DONA GERALDA MARçAL

Brazil,

Brazilian catadores collect waste materials in urban garbage dumps, often sleeping alongside the trash from which they eke their modest living. Increased urban migration and exploitative middlemen only compound the problems of this economically stressed group. Dona Geralda Marçal, a catadora since age 8, has developed a new approach and an infrastructure to connect these garbage workers to the training and social services they need to become self-reliant professionals. Through her efforts, catadores move from extreme vulnerability in garbage dumps to socially secure, economically viable, and environmentally conscious citizenship.

This profile below was prepared when Dona Geralda Marçal was elected to the Ashoka Fellowship in 2004.

INTRODUCTION

Brazilian catadores collect waste materials in urban garbage dumps, often sleeping alongside the trash from which they eke their modest living. Increased urban migration and exploitative middlemen only compound the problems of this economically stressed group. Dona Geralda Marçal, a catadora since age 8, has developed a new approach and an infrastructure to connect these garbage workers to the training and social services they need to become self-reliant professionals. Through her efforts, catadores move from extreme vulnerability in garbage dumps to socially secure, economically viable, and environmentally conscious citizenship.




THE NEW IDEA

Dona Geralda’s approach is rooted in the firm personal knowledge that catadores can find success on three levels: as social individuals, as entrepreneurs, and as responsible citizens. First, drawing from her life experience, she helps catadores organize to meet their own social needs. She has developed ASMARE, a model association of garbage workers involved in collecting, sorting, and recycling waste on the streets of Brazil. As members of the association, catadores commit to a code of professional and personal practices that not only elevate their sense of self-worth, but also enable them to obtain counseling, health services, and education for themselves and their families.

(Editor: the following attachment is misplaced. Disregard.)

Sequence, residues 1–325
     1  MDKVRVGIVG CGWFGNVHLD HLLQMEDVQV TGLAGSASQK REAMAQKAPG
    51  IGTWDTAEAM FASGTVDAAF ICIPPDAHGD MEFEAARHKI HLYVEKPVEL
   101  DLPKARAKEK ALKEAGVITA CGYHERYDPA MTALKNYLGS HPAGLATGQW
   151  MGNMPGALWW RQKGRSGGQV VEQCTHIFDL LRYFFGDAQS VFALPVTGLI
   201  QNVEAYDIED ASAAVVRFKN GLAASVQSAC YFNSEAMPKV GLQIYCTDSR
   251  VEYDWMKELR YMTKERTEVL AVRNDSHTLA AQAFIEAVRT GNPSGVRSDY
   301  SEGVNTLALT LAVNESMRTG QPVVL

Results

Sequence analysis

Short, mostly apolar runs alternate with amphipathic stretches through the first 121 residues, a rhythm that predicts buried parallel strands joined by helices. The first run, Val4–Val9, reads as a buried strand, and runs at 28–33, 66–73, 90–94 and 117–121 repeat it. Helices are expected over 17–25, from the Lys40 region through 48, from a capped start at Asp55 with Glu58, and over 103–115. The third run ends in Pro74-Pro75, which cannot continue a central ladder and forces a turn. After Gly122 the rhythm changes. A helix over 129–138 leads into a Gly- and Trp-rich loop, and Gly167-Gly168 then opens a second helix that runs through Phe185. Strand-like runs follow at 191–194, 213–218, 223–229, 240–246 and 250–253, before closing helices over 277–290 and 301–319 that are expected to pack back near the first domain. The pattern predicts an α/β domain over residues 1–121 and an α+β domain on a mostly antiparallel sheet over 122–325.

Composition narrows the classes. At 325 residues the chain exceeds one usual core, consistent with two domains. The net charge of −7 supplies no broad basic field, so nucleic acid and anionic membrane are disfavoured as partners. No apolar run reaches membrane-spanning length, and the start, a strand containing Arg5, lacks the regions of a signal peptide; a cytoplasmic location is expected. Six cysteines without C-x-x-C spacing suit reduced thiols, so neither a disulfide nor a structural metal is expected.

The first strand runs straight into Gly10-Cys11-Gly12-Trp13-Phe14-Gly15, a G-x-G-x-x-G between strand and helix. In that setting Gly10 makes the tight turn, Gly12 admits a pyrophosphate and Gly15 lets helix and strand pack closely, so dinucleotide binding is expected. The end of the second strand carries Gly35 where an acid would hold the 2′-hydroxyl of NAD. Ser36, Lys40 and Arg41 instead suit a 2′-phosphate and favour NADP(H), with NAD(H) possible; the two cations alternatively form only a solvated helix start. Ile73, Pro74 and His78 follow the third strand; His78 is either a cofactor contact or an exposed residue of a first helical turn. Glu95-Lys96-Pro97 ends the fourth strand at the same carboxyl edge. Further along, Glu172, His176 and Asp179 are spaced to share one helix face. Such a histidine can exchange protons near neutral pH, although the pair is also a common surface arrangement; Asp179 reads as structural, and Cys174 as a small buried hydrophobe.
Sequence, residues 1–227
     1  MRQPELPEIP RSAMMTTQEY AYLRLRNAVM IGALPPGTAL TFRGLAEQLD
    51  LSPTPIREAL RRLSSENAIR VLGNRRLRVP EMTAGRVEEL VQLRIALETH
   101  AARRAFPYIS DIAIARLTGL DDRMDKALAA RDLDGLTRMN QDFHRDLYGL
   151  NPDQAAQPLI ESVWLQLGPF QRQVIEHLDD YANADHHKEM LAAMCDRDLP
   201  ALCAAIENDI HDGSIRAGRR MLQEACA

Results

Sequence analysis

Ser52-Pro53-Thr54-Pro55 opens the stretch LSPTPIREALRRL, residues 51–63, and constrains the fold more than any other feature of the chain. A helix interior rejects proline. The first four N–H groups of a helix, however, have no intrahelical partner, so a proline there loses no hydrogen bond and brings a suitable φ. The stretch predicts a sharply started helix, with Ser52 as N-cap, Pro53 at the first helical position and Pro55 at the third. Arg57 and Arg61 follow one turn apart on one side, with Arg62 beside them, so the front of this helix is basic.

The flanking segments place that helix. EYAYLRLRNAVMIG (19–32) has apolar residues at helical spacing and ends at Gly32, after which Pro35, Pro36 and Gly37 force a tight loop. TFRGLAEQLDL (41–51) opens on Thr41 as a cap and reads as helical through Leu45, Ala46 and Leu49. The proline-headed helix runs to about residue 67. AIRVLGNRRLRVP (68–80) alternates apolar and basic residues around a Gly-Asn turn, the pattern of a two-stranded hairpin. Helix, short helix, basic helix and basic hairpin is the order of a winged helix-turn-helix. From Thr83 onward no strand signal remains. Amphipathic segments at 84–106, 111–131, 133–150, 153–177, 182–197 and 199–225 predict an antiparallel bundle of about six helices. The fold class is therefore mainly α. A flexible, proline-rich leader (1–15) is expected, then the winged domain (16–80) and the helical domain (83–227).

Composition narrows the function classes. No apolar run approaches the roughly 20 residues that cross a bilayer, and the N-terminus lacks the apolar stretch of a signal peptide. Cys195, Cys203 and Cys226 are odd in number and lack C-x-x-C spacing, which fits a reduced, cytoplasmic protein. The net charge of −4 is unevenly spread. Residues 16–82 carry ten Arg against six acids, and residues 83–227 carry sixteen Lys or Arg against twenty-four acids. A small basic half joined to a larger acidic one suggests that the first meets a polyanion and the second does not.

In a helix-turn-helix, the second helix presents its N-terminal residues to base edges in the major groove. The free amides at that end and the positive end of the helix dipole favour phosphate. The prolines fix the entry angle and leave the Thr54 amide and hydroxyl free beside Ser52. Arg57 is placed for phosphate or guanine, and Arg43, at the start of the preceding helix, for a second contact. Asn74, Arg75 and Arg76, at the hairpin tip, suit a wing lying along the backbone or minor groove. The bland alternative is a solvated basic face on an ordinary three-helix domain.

Business ventures and economic stability are the second main thrust of Dona Geralda’s work. Links with private companies and municipal authorities optimize collection activities and secure space for the catadores to process and store their collected materials. This infrastructure allows catadores to bypass exploitative middlemen and get fair market prices for their products. Their increased income, combined with access to facilities and services to help them move from homelessness to permanent housing, enables catadores to develop new skills and ensure better opportunities for their children.